Presentation on theme: "Philosophy 220 The Death Penalty Nathanson. Nathanson "An Eye for an Eye?” Nathanson offers a critique of retributivism of both the Lex Talonis (equality)"— Presentation transcript:
Philosophy 220 The Death Penalty Nathanson
Nathanson "An Eye for an Eye?” Nathanson offers a critique of retributivism of both the Lex Talonis (equality) and proportional sort. He completes his case by arguing that abolition would have the important symbolic significance of signaling that our society is committed to the absolute dignity of human life in every person.
The Problem with Equality (Lex Talonis) Retributivism. Nathanson argues that equality is not an adequate criterion for determining punishment in general. It recommends punishments for certain crimes that are not morally acceptable. If a crime is barbaric and inhumane, then Lex Talonis would require us to act barbarously and inhumanely (ex. rape a rapist). Can't tell us how to punish many crimes. E.g. Computer piracy, or plagiarism. If it's not adequate in general, then it is obviously not adequate for DP. A possible response is to seek a non-literal form of equality retributivism. Nathanson responds by noting that there is still the barbarity problem. Also, we run into the problem of how to accurately judge equivalence, either in the case of abstract crimes or in the case of varying resistances to suffering.
Problems with Proportional Retributivism This theory is usually advanced in terms of a proportional ranking of punishments and crimes. Such a strategy avoids the major flaws of equality retributivism. One problem from the standpoint of the retentionist is that it doesn't necessitate that murder should be punished with death, just with the most severe punishment in the scale. A practical problem is that in and of itself it provides no resources with deciding the appropriateness/effectiveness of punishments. Needs to be supplemented by empirical data. According to Nathanson, this form of retributivism does have an important role to play in our judicial system, but it doesn't justify DP.
Nathanson as an Abolitionist In addition to criticizing retributive justifications for DP, Nathanson advances interesting abolitionist arguments. The first highlights that respect for human dignity is a central element of our social structure. Nathanson argues that the DP undermines this respect to the extent that it says that some people have no value. We cannot consistently say that all people are valued and that some are not. The second emphasizes the symbolic significance. Nathanson argues that abolishing the DP would provide an example of proper behavior, saying that we will not act with the same inhumanity that the murderer did.
Van den Haag, "A Defense" Ernest van den Haag was a prominent retentionist. In this piece, he attempts to rebut many arguments made by abolitionists. These claims concern questions about: racial inequalities in DP sentencing; the problem of irreversibility; deterrence; cost; symbolism; human dignity. As becomes clear, vdH is essentially a retributivist. When the chips are down, his position is that DP is a just form of retribution for the most serious crimes. For him, other considerations just don't matter.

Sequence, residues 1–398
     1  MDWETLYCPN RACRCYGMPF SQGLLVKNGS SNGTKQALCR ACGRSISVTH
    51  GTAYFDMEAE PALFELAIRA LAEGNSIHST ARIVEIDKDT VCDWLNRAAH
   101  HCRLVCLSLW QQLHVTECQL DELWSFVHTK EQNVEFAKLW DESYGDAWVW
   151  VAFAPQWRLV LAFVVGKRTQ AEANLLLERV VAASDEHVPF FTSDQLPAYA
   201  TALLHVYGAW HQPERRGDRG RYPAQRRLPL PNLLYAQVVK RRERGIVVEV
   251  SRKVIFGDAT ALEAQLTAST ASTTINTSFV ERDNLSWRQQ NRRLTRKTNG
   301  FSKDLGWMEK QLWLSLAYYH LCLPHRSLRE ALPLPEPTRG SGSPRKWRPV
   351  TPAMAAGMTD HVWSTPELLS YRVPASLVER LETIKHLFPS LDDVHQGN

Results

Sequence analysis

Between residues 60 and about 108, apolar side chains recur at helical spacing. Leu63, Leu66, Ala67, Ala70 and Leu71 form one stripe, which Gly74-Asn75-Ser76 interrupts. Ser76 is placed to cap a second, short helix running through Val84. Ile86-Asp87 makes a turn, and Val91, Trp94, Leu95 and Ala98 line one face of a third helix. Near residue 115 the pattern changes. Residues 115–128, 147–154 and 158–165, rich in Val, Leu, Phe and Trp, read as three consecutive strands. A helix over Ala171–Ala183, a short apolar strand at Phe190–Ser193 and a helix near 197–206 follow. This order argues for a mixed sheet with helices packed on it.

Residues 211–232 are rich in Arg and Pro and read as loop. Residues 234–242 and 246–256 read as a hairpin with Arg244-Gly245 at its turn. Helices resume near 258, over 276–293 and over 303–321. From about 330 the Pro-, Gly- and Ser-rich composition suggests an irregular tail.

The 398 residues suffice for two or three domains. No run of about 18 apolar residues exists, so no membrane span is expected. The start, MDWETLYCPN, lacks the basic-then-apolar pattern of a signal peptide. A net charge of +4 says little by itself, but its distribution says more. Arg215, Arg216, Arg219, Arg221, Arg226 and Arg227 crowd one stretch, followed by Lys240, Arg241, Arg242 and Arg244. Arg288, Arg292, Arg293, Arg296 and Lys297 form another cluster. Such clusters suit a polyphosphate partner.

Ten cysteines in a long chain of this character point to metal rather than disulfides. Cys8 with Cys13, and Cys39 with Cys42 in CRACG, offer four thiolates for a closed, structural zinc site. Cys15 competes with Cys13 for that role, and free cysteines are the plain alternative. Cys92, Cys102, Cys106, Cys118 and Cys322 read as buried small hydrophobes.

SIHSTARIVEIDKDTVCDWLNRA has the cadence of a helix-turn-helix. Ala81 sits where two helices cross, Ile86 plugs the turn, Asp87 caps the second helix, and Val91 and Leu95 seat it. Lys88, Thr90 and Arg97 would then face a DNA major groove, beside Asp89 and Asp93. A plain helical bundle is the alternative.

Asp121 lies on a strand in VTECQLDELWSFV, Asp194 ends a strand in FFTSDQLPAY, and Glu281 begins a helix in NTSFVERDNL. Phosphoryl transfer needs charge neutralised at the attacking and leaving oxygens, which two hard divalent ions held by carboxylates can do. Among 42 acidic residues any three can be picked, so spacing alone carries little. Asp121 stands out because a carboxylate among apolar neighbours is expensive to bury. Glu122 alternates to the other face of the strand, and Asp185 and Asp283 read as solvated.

Inequalities in Sentencing As vdH observes, DP is a rare sentence for the crime of murder. In an average year, there are about 20,000 homicides, but on average over the last 20 years fewer than 300 people are given DP. 2012: 78 death sentences; 43 executions There is substantial evidence that race plays a significant role in those small number of cases where there is a possible sentence of death. This is true not only in verdicts, but especially in decisions about which defendants to seek DP against. Black people who kill white people are the likeliest to be considered to be "DP eligible" and are the likeliest to receive DP.
So What? VdH doesn't dispute these statistics, rather he argues that they don't matter. He argues instead that the question of the justness in distribution of something is independent of its value (moral or otherwise). That is, if DP is morally justified, it doesn't matter if it is imposed unfairly or unjustly. We should, he thinks try to impose it fairly and justly, but the fact that we don't doesn't make it immoral.
Miscarriages of Justice? VdH makes a similar point in response to concerns about executing innocent persons. He recognizes that there is some likelihood that at one time or another, innocent people have been executed. He just doesn’t think that it matters. Many human activities come at the cost of some innocent lives, but society still engages in them because the benefits outweigh this cost. He thinks DP is one such activity.
Deterrence A popular retentionist argument is that DP deters possible future murderers more effectively than other forms of punishment. However, more than 50 years of social scientific research has failed to demonstrate this. VdH is undeterred by this failure, insisting that despite the lack of evidence, he believes that there is a deterrent effect, and even if there isn’t, DP is justified on retributivist grounds (though he doesn’t provide an argument for this).
Costs, Symbolism and Degradation These last issues are much less weighty on vdH's account than the previous. He dismisses the cost concern by insisting that concerns of justice always outweigh financial concerns. He responds to a symbolic argument like Nathanson's by insisting that the symbolic significance is trivial. He addresses concerns about the DP and human dignity by invoking Kant and Hegel, and by arguing that the murderer brings the degradation on themselves (retributivism).